In-silico definition of the Drosophila melanogaster matrisome
- Davis, M.N., Horne-Badovinac, S., Naba, A.
- Matrix biology plus 4: 100015 (Journal)
- Registered Authors
- Horne-Badovinac, Sally
- Apical ECM, Basement membrane, Cuticle, Eggshell, Extracellular matrix, Glue, Protein domains
- MeSH Terms
- 33543012 Full text @ Matrix Biol Plus
Davis, M.N., Horne-Badovinac, S., Naba, A. (2019) In-silico definition of the Drosophila melanogaster matrisome. Matrix biology plus. 4:100015.
The extracellular matrix (ECM) is an assembly of hundreds of proteins that structurally supports the cells it surrounds and biochemically regulates their functions. Drosophila melanogaster has emerged as a powerful model organism to study fundamental mechanisms underlying ECM protein secretion, ECM assembly, and ECM roles in pathophysiological processes. However, as of today, we do not possess a well-defined list of the components forming the ECM of this organism. We previously reported the development of computational pipelines to define the matrisome - the ensemble of genes encoding ECM and ECM-associated proteins - of humans, mice, zebrafish and C. elegans. Using a similar approach, we report here that our pipeline has identified 641 genes constituting the Drosophila matrisome. We further classify these genes into different structural and functional categories, including an expanded way to classify genes encoding proteins forming apical ECMs. We illustrate how having a comprehensive list of Drosophila matrisome proteins can be used to annotate large proteomic datasets and identify unsuspected roles for the ECM in pathophysiological processes. Last, to aid the dissemination and usage of the proposed definition and categorization of the Drosophila matrisome by the scientific community, our list has been made available through three public portals: The Matrisome Project (http://matrisome.org), The FlyBase (https://flybase.org/), and GLAD (https://www.flyrnai.org/tools/glad/web/).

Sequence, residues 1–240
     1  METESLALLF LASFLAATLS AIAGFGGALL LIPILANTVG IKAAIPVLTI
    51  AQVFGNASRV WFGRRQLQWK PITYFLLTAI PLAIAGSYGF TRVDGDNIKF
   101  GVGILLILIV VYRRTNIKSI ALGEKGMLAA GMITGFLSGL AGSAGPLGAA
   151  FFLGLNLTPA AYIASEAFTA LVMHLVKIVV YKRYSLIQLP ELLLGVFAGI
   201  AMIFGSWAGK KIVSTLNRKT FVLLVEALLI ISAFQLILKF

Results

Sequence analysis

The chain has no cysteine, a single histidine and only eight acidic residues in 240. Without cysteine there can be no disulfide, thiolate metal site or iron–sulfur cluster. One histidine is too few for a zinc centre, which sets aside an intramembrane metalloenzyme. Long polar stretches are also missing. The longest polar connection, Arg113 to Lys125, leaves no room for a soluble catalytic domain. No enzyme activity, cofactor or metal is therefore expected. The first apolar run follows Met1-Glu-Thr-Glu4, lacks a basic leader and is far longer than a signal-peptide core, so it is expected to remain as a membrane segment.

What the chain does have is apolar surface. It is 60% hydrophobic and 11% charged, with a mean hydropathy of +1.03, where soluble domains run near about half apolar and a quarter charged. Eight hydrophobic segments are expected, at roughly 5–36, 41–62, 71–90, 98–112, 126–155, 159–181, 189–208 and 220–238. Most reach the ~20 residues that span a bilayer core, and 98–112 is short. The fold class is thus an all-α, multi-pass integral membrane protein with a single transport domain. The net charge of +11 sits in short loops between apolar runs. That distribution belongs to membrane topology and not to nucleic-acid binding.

Genes / Markers
Mutations / Transgenics
Human Disease / Model
Sequence Targeting Reagents
Engineered Foreign Genes